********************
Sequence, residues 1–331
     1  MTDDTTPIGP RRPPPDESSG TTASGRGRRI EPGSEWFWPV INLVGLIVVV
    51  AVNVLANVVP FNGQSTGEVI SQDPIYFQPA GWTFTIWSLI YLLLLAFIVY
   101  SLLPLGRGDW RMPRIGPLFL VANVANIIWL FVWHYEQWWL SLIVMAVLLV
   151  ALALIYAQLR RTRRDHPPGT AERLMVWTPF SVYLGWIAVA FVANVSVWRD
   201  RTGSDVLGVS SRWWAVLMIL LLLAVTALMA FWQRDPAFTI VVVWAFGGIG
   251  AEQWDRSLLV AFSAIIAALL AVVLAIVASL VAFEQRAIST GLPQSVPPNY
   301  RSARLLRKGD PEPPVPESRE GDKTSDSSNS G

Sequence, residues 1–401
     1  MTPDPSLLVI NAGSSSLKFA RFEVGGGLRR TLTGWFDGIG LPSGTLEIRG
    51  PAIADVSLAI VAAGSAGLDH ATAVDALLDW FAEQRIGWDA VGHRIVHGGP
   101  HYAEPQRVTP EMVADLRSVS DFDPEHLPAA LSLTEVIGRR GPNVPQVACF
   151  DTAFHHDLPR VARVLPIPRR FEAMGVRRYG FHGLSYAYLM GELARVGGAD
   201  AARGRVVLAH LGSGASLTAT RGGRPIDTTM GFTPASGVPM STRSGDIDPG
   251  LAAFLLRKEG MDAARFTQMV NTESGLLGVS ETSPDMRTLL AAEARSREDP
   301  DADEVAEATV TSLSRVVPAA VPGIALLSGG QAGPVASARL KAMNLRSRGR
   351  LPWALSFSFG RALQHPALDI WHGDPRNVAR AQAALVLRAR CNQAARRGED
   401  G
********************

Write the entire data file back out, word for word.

Sequence, residues 1–331
     1  MTDDTTPIGP RRPPPDESSG TTASGRGRRI EPGSEWFWPV INLVGLIVVV
    51  AVNVLANVVP FNGQSTGEVI SQDPIYFQPA GWTFTIWSLI YLLLLAFIVY
   101  SLLPLGRGDW RMPRIGPLFL VANVANIIWL FVWHYEQWWL SLIVMAVLLV
   151  ALALIYAQLR RTRRDHPPGT AERLMVWTPF SVYLGWIAVA FVANVSVWRD
   201  RTGSDVLGVS SRWWAVLMIL LLLAVTALMA FWQRDPAFTI VVVWAFGGIG
   251  AEQWDRSLLV AFSAIIAALL AVVLAIVASL VAFEQRAIST GLPQSVPPNY
   301  RSARLLRKGD PEPPVPESRE GDKTSDSSNS G

Sequence, residues 1–401
     1  MTPDPSLLVI NAGSSSLKFA RFEVGGGLRR TLTGWFDGIG LPSGTLEIRG
    51  PAIADVSLAI VAAGSAGLDH ATAVDALLDW FAEQRIGWDA VGHRIVHGGP
   101  HYAEPQRVTP EMVADLRSVS DFDPEHLPAA LSLTEVIGRR GPNVPQVACF
   151  DTAFHHDLPR VARVLPIPRR FEAMGVRRYG FHGLSYAYLM GELARVGGAD
   201  AARGRVVLAH LGSGASLTAT RGGRPIDTTM GFTPASGVPM STRSGDIDPG
   251  LAAFLLRKEG MDAARFTQMV NTESGLLGVS ETSPDMRTLL AAEARSREDP
   301  DADEVAEATV TSLSRVVPAA VPGIALLSGG QAGPVASARL KAMNLRSRGR
   351  LPWALSFSFG RALQHPALDI WHGDPRNVAR AQAALVLRAR CNQAARRGED
   401  G